Pseudo-scientific razor

Magnets, how do they work? Apparently well enough to sharpen razor blades...

Mr J A Nones was granted a patent for a self sharpening razor in 1933 that employed the power of magnets to keep the blade sharp and the razor head clunky...

In the inventors own words from the patent description:
...a safety razor with means for automatically sharpening or readjusting the minute particles of the functional or executive edges of the blade...
... a safety razor of the type noted with a magnetic means by which the edges of the wafer-blade may be reconditioned or sharpened...
According to my invention, the extremities of the pole portions of the magnet are inwardly curved toward the guard fingers 10 and terminate midway the length of the downwardly extending portions of said fingers; and said terminal portions or poles of the magnet are spaced apart from but are close to the line of guard fingers from end-to-end of the razor. The pole terminals of the magnet are also arranged sufficiently close to the cutting edges of the razor blade to exercise the necessary magnetic attraction for the minute deflected portions, produced during the course of shaving or while the blade is in use. It is this forceful attraction which reconditions the edges of the blade and sharpens the same, and restores the so-called teeth of said razor blade'edges to the normal plane of the blade-body.
It is my belief that the huge success of Mr Nones' razor in the marked place clearly shows how effective magnets are for keeping your razorblades sharp. If you put this invention in a pyramid - which as we all know keeps milk fresh and razors sharp - it is quite possible you'll end up going back in time... or just look like a fool.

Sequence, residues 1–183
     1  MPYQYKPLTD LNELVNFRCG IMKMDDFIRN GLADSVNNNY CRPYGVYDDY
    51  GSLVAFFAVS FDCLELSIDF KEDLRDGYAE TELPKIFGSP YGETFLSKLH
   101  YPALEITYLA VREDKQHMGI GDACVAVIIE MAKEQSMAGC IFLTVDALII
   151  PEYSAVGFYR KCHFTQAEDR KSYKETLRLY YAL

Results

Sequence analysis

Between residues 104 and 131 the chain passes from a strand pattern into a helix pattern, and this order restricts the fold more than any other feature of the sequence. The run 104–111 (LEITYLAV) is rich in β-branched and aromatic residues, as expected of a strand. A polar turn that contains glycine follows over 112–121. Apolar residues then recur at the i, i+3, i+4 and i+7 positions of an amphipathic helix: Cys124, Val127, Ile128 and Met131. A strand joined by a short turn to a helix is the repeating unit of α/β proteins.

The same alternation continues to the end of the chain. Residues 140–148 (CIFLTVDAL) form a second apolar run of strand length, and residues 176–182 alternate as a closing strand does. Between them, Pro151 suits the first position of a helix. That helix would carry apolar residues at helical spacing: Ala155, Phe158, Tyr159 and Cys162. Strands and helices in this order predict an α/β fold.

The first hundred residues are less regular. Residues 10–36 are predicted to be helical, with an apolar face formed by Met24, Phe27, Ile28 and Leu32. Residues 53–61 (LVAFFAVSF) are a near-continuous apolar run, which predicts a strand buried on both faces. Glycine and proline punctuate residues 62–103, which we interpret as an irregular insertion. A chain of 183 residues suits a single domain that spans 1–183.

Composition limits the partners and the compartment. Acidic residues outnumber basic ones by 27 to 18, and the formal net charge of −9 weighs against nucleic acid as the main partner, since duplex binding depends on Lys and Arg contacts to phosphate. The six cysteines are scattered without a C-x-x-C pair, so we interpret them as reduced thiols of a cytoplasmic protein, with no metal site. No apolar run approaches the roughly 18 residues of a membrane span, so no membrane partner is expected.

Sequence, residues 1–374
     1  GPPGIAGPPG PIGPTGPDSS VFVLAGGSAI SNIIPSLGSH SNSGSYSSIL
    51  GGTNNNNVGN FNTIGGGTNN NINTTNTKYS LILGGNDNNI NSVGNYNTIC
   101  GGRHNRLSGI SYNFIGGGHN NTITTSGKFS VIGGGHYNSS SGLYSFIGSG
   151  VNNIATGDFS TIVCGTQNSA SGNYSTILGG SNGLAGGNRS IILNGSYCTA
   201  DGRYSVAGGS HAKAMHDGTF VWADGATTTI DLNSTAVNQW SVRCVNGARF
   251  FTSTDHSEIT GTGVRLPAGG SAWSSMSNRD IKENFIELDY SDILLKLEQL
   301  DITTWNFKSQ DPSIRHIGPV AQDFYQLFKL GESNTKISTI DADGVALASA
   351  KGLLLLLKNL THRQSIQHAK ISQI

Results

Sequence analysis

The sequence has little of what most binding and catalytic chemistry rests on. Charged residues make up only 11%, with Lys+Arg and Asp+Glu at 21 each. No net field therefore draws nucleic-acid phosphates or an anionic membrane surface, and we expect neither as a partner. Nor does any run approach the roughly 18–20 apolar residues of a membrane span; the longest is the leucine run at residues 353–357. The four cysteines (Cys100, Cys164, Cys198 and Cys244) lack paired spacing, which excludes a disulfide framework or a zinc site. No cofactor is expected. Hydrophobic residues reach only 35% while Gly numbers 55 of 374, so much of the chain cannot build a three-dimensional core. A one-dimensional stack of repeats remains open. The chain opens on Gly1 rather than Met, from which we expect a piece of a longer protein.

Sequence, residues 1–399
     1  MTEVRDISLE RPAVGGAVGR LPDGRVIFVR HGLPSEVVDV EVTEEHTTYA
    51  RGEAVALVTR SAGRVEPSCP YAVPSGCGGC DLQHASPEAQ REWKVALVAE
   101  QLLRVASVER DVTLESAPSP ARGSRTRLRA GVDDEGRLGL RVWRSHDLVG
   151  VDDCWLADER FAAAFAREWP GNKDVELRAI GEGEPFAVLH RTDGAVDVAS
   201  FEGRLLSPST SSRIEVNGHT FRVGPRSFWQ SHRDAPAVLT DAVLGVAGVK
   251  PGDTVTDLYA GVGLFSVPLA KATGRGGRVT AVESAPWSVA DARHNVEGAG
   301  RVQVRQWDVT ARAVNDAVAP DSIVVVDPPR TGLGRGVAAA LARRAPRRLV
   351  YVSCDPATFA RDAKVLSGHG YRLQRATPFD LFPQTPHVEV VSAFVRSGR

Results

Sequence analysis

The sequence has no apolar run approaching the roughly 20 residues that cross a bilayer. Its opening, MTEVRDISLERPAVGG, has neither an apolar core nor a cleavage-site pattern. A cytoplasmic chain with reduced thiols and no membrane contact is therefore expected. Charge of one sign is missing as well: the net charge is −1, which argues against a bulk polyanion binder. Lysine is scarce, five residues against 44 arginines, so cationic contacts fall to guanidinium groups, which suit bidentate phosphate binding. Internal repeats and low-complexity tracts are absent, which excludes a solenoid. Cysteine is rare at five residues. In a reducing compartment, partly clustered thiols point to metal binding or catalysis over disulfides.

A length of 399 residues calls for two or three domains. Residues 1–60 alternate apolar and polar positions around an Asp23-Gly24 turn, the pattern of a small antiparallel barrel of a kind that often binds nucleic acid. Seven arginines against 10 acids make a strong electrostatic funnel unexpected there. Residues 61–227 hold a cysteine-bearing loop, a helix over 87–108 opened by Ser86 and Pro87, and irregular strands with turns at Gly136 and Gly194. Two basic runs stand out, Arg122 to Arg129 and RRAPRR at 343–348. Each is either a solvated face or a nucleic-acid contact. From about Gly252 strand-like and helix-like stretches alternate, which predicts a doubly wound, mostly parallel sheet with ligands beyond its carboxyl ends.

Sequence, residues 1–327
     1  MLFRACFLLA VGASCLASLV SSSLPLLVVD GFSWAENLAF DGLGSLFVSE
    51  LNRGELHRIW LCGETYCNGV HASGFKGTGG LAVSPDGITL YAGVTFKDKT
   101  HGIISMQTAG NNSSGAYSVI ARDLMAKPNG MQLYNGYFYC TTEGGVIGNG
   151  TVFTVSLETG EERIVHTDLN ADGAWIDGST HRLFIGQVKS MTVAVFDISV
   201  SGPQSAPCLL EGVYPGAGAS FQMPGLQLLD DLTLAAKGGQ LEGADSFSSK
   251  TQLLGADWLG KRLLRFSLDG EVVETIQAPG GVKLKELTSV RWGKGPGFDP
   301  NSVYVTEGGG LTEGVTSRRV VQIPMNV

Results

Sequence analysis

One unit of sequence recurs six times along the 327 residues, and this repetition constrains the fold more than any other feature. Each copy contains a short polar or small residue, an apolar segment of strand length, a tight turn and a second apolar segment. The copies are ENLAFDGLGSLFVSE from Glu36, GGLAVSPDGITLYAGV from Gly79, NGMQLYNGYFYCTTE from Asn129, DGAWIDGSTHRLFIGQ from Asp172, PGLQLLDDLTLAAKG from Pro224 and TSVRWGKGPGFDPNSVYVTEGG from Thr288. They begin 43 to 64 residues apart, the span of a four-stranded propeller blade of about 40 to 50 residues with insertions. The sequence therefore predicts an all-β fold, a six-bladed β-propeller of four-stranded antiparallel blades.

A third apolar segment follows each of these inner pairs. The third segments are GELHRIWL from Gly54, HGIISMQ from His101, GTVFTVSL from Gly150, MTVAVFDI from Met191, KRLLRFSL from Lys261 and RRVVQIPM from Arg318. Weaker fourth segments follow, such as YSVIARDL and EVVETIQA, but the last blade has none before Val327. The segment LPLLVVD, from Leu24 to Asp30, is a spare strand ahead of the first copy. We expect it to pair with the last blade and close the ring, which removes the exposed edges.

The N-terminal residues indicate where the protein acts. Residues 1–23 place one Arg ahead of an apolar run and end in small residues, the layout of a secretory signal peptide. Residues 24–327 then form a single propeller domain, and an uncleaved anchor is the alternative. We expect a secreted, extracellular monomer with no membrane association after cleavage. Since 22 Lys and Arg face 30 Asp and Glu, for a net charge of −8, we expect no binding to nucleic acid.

Wednesday, 5 November 2014

Shave of the day 5th November

Pre-shave: Dr Bronner's Liquid Peppermint
Lather: Arko shave stick
Brush: BodyShop synthetic
Razor: Merkur 37C slant with a Wilkinson blade
Post-shave: Cool water rinse, alum, and BodyShop Maca Root Face Protector

Tuesday, 4 November 2014

Shake it sharp!

Yet another razor oddity I have dug up some information on, courtesy of a chance remark over on my favourite shave forum: the Shape Sharp Razor!

The basic idea is interesting, and ties into the razor blade sharpeners I blogged about last month: Keep your razor blades sharp, and keep them longer. Made a lot more sense of the old carbon blades than it do for modern stainless ones, since they cost more (relatively speaking) and dulled quicker.
At a glance, it looks like a SE razor with a wicked blade exposure and an oversized head... but there is a reason for that: the head contains a hone, and holds a regular DE blade. The idea is/was that the user shake the razor back and forth to keep the edge honed during shaving, thus having a perfectly honed blade at all time for the best possible shave... at least, that is what the pamphlet says.
According to the information I found online, the construction is a combination of cast zinc and stamped brass, and possibly steel - although I've also spotted references to Shake Sharps with bakelite handles.
Since only one edge was exposed at any given time, the shaver had to open the razor and flip the blade around when he wanted to use the second edge. If the honing feature worked - and I have no reason to believe otherwise after looking at the patents online - you would only have to do that after wearing one edge out completely.
Personally I'm not convinced that shaking a razor back and forth with wet hands is the best idea in the world, but this razor do provide the SE experience while using DE blades... I guess just for that it ought to get a free pass.
I'm not sure how well the Shake Sharp sold in it's heyday - it was only in production for about a decade - but since it died off it is clear that the shavers of the day preferred a simpler, cheaper razor at the cost of using more blades. Which funnily enough is just what King Gillette hoped for when he came up with the idea of selling the razors cheap and make his profit on blades, and just what the big multinationals are doing with cartridge razors to this day. The more things change and so on I guess...

Monday, 3 November 2014

Shave of the day 3rd November

Pre-shave: Dr Bronner's Liquid Peppermint
Lather: Mike's Natural Pine&Cedarwood Soap
Brush: Semogue TSN 2012 LE mixed badger/boar
Razor: Merkur 37C slant with a fresh Wilkinson blade
Post-shave: Cool water rinse, alum, and BodyShop Maca Root Face Protector